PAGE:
26 review for Gender and the Modern Sherlock Holmes: Essays on Film and Television Adaptations Since 2009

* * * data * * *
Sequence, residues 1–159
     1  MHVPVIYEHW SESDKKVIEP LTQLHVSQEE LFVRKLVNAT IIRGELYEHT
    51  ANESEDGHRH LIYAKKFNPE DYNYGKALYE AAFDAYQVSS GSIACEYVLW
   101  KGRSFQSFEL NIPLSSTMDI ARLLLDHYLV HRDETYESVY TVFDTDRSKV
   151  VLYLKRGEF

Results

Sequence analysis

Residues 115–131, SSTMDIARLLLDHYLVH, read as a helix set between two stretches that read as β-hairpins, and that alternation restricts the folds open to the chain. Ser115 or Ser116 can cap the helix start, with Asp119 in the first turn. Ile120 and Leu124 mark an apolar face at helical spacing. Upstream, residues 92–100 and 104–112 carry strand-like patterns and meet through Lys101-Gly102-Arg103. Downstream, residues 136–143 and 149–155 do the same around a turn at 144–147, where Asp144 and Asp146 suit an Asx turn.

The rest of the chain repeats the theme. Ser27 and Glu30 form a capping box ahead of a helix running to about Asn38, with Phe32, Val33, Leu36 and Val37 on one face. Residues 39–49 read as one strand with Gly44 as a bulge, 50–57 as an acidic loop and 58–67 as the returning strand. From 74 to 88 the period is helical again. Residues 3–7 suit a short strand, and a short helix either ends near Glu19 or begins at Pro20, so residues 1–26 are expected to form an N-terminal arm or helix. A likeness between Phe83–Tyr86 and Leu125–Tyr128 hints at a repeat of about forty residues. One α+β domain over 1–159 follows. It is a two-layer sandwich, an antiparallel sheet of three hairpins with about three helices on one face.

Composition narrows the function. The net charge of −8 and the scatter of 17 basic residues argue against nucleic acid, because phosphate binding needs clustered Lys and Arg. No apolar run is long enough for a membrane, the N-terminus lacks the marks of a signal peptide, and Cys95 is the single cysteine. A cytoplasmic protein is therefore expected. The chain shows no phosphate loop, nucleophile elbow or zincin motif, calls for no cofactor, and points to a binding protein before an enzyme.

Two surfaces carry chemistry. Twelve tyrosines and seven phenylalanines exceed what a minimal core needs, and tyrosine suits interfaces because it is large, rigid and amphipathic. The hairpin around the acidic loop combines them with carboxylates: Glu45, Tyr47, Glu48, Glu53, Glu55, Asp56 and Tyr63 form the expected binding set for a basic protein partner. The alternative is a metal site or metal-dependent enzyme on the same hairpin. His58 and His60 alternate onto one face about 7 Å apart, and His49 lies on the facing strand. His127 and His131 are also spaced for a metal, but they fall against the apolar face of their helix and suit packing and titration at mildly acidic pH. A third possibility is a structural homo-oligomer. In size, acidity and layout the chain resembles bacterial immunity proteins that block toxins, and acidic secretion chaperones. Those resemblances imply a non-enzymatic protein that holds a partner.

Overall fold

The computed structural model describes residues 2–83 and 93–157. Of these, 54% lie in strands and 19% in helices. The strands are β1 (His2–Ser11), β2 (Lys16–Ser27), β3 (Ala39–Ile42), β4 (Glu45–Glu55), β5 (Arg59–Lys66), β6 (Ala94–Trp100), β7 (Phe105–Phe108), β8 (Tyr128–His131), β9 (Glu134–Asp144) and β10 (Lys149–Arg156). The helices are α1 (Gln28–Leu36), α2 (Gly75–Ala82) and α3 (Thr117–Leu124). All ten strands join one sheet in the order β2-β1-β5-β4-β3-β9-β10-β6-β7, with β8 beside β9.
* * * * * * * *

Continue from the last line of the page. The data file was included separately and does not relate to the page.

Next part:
1. 5 out of 5

    Mitchell